From that point, it was only a matter of time until China began to inject itself into Hong Kong’s political and legal affairs. It has increasingly done so, sparking protests including demonstrations in 2003 and 2014. This year’s much more extensive uprising initially focused on Lam’s legislative proposal – since suspended, but not withdrawn – to allow extradition to China’s court system. That system is not so much a forum for adjudication as it is an instrument of control by Beijing and its strongman, Xi Jinping.
Like the protest leadership itself, the protesters’ demands have been a moving target. At various times they have sought Lam’s resignation, punishment for police they believe acted with undue force, and less overt interference in the city’s politics. As the protests became angrier and more disruptive this week, the likelihood of direct intervention by Beijing steadily increased. Chinese officials have set the stage by likening the protesters’ actions to terrorism. The People’s Daily, the official newspaper of the Communist Party, called for “using the sword of the law” to restore order in Hong Kong.
There is no endgame here that is good for the protesters. A harbinger was the reversal of Cathay Pacific’s initial tolerance of its staff’s participation in the protests. Under pressure from the mainland, the company promised instead to penalize protesters who are on its payroll and to bar them from serving on flights to the mainland. According to Reuters, the airline has fired two pilots in connection with the protests. Hong Kong-based Cathay Pacific faced the reality that mainland China was simply too important to its business to ignore.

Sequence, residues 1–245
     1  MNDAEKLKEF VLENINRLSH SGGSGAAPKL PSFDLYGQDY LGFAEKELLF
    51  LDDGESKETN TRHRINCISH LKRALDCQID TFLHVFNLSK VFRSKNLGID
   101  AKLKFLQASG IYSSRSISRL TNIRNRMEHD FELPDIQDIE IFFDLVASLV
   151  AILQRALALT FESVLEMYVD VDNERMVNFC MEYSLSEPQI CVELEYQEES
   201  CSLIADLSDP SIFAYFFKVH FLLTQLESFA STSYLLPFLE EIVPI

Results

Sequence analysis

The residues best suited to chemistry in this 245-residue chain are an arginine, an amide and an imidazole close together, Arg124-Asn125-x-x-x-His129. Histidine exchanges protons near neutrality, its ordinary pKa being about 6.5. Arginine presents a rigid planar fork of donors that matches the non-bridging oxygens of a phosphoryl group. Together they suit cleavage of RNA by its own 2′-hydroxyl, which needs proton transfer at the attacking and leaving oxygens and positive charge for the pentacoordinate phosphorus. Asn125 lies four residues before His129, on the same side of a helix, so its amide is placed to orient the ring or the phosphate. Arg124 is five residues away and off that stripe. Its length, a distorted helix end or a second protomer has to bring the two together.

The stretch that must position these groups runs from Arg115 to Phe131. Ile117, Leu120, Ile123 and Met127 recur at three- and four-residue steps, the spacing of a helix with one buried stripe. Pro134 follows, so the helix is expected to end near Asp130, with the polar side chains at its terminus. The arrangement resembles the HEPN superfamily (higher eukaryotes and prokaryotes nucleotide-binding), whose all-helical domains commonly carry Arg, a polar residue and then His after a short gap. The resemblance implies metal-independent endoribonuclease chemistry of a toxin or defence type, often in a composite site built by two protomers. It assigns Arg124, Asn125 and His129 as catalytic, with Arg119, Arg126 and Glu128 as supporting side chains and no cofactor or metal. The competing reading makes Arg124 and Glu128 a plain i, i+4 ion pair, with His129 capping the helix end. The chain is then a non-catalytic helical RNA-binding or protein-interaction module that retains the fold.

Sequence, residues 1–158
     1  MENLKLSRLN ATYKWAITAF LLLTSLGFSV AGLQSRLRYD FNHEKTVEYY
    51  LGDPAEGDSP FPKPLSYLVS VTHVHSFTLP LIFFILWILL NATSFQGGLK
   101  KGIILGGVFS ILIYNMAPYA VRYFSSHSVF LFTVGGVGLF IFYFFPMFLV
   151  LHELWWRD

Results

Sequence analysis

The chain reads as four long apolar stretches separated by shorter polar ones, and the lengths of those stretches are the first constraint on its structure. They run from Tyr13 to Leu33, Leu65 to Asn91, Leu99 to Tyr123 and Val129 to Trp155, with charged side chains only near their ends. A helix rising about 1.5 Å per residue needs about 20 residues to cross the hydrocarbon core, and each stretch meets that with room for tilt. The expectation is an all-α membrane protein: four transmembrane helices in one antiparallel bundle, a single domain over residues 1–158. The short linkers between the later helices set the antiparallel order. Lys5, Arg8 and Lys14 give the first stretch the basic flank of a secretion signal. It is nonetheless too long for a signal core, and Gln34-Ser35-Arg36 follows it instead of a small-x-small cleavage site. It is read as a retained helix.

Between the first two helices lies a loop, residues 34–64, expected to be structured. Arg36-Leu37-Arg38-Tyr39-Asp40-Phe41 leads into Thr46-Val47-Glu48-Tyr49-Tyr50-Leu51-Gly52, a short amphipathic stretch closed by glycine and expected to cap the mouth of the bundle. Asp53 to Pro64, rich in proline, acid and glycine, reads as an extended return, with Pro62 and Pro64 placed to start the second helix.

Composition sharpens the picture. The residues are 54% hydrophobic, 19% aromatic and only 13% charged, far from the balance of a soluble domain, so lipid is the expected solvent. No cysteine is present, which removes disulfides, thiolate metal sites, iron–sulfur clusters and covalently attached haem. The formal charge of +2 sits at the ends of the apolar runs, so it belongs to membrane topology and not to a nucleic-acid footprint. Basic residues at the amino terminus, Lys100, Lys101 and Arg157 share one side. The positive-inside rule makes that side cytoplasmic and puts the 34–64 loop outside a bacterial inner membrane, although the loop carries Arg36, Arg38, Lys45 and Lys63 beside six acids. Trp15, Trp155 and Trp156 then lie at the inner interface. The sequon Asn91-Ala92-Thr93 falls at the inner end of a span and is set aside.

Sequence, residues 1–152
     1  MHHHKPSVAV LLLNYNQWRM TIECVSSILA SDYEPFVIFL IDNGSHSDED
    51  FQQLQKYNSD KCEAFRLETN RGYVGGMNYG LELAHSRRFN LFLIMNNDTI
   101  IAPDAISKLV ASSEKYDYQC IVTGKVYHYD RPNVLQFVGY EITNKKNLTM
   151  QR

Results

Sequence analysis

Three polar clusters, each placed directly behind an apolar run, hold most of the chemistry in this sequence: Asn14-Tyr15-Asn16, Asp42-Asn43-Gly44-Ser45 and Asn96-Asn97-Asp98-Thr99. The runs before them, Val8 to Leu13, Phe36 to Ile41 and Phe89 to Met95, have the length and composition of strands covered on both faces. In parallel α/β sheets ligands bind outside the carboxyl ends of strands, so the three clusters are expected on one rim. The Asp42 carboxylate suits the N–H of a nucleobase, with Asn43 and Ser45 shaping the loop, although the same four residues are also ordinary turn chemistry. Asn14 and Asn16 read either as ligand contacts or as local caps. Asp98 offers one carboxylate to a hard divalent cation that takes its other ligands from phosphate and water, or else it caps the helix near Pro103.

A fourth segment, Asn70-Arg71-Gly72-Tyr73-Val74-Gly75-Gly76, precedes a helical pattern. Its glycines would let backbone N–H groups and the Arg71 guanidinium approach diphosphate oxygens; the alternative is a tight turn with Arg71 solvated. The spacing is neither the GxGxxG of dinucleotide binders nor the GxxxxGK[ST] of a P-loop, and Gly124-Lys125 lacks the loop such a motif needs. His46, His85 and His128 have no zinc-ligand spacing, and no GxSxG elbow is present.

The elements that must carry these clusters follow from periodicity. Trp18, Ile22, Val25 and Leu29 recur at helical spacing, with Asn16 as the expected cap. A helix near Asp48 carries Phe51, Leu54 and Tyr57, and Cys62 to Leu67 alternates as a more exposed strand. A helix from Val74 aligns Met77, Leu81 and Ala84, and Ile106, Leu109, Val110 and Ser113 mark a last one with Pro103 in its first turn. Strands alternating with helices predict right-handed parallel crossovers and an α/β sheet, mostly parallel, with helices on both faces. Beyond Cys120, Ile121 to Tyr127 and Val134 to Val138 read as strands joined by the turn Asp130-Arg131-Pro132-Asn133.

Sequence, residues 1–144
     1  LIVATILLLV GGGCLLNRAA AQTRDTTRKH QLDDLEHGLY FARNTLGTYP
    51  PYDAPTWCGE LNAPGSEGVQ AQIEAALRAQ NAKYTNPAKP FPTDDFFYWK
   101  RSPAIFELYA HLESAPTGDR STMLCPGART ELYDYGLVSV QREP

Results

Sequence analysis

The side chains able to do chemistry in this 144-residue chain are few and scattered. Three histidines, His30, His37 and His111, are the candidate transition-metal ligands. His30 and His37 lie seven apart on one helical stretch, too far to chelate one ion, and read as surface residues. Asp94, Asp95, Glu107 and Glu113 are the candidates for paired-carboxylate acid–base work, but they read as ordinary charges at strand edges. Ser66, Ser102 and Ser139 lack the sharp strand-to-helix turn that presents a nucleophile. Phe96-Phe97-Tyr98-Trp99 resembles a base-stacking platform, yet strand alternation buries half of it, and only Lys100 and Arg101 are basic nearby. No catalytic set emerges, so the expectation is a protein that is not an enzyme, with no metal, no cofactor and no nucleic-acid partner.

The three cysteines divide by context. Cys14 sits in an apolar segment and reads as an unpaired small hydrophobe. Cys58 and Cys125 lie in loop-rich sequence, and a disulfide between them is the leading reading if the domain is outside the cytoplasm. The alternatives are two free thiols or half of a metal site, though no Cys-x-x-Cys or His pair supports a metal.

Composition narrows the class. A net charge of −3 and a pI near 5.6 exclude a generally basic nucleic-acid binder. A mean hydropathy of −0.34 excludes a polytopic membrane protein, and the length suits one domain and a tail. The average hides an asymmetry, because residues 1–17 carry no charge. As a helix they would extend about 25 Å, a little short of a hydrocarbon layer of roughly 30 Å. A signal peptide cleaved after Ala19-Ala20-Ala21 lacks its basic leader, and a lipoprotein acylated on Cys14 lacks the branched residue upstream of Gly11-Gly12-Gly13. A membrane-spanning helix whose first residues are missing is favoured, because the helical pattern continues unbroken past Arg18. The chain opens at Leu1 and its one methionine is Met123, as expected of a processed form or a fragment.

Everything that happens in Hong Kong should be viewed through the prism of Beijing’s top two long-term goals. The second most important objective is to reunify Taiwan under Beijing’s administration and on Beijing’s terms. Allowing successful resistance in Hong Kong would send Taiwan the message that it can control the terms of a future reunification. Beijing is determined that it can’t.
The most important goal is to maintain Communist Party control of China itself. Today, as in Tiananmen Square 30 years ago, this means any hint of rebellion must be firmly put down. If it takes sending 1 million Uighurs to “schools” in western China that have barbed wire and watchtowers, so be it. If it means sacrificing Hong Kong as a bridge between Chinese and Western finance, so be it. Xi’s administration is not going to allow any form of internal rebellion to succeed. A harsh crackdown could bring international censure, but Beijing may see that as the lesser of two evils.
The two sides may ultimately agree to stand down in Hong Kong. Maybe widespread destruction and bloodshed can be averted. That is all the city’s citizens can realistically hope to achieve from here on. While there may nominally be one country, two systems, in China – including Hong Kong – there is only one system that counts.